It worked. The sun. The water. My iPod. A 2 mile walk with James Taylor and John Mayer and the sun, the water, the waves, more water, stopping and just sprinkling water all over myself, celebrating the sun, the spring, the promise of summer...glorious summer. Everything I'd obsessed, worried about, focused and feared and panicked over, magically seemed to wash out to sea. I think the tide took my troubles away. At least for awhile.
I looked out at the horizon and saw a dolphin breach. A good sign, yes, dolphins do that. They just splash and jump in the air turning arcs even without someone in a wetsuit blazened with the "Sea World" logo, dangling a bucket of fish before them in the promise that, if they do their tricks, go through the paces and hit their marks, they'll get a frozen fish dinner. It's true that dolphins frolic as an expression of joy, exhilaration, emblematic of how much they love life, even outside the confines of a marine park. Especially outside of the confines of a marine park.
Today, I felt just like a dolphin and if I was, today, this day after I felt so much fear and trepidation and worry over things, to impossibly feel so much hope, so alive, giddy and finding myself breaking into an irrepressible smile, well, that can only be God. Today, I was that dolphin, flipping in the air for the sheer thrill of it all, splashing in a sun-drenched, multi-faceted diamond-studded sea. I wasn't offered a job today nor was I handed a prepaid one-year health insurance card and it was OK. It was all just fine. Hours after those magic moments on the beach, the effects linger still. I can close my eyes and hear those waves, feel the sun, look out toward an endless horizon and when I do, I feel that joy. And it is real.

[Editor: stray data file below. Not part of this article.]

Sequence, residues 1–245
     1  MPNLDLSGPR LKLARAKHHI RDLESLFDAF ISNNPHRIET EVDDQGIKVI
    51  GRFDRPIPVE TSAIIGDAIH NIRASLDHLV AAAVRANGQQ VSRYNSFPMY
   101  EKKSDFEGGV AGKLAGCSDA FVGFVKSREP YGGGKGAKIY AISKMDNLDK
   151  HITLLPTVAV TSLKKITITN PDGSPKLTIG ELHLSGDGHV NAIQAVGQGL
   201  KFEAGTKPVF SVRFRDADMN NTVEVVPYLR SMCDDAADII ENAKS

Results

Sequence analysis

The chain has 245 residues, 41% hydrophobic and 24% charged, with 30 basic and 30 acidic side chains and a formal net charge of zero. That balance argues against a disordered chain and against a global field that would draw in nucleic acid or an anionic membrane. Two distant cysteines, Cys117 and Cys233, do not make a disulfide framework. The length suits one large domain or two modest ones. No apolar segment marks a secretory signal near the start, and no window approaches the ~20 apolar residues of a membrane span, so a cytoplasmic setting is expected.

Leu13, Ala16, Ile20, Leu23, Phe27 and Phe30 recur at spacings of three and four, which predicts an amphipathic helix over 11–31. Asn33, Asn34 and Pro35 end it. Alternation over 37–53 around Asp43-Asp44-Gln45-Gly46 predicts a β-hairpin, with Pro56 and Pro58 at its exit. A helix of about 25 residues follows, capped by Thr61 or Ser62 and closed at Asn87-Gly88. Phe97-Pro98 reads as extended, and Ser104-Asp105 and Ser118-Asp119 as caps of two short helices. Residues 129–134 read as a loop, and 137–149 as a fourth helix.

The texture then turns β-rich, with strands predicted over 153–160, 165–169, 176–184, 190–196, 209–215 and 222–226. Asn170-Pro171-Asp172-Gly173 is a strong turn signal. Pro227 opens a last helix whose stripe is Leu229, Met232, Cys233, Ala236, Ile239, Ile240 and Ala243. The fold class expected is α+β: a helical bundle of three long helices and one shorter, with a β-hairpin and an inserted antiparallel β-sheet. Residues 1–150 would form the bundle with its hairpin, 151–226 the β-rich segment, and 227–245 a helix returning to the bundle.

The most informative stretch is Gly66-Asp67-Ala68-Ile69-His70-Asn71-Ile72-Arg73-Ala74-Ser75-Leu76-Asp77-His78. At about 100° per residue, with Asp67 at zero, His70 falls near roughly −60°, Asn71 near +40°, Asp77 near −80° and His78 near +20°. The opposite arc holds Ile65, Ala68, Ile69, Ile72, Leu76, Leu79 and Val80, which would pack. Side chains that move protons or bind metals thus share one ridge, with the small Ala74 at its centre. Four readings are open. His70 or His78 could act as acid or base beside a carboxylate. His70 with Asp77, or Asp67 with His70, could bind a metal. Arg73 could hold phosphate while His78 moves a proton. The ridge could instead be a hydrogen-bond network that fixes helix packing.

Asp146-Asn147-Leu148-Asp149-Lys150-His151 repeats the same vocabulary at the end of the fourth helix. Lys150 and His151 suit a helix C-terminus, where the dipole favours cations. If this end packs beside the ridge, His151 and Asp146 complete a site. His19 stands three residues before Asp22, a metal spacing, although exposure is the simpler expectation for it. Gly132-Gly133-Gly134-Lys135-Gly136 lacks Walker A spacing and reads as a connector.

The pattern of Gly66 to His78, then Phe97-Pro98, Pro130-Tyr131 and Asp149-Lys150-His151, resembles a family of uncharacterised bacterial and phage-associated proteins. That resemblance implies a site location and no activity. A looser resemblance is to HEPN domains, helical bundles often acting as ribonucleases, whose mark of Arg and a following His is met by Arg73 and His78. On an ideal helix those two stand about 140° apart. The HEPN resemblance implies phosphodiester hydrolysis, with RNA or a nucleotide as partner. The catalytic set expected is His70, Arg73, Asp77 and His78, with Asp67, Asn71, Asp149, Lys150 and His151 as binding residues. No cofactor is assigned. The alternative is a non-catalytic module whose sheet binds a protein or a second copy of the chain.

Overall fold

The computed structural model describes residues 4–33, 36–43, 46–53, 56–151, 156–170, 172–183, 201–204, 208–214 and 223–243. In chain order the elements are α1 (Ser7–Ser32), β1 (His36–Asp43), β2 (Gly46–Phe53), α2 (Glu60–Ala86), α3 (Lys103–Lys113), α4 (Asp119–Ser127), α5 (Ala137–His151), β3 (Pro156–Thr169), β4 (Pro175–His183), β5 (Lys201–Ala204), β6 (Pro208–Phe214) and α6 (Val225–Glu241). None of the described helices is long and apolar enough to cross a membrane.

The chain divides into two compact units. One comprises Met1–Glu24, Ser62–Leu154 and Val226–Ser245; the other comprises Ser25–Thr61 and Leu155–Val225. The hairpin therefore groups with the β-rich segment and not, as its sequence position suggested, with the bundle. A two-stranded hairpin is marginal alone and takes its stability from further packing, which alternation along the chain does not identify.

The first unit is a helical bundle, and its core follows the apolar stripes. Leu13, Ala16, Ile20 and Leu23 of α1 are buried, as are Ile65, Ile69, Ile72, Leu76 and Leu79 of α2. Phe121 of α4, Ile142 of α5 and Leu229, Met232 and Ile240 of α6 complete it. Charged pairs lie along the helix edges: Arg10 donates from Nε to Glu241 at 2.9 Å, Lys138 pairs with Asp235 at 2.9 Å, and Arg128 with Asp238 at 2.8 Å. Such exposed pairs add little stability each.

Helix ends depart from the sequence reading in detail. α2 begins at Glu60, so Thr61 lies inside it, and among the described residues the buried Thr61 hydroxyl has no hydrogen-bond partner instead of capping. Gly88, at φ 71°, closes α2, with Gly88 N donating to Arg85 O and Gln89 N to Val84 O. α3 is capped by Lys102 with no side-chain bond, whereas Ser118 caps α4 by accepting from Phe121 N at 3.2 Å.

You were right Bill Leftwich - God will see us both through, even when we're not looking.
And you know, I'm almost happy that I was so wound up and in knots yesterday because if things had just been coasting along in some expected way, today wouldn't have held the same brand of magic for me. Today was positively delicious.
I find it's sort of like that with driving as well. I still forget sometimes and I'll think, hey, I need to go pick up this or that or whatever, and then it dawns on me that I can go get in my car and I can take myself here and there or anywhere and at anytime, and as wonderful as that is, after almost 3 1/2 years of not driving, it's an adjustment! There have been a few times I've felt panicked like maybe it's not such a good idea I'm on the road after all! What if I can't do this? I get scared and my heart will race and my breathing will accelerate and I'll start to feel as if I can't breathe, much less drive. But of course, the only antidote to that is to do the thing that scares you. To march straight into that fear, just go there and grit your teeth if you must, even clench your fists, but don't turn back. You can't allow it to win.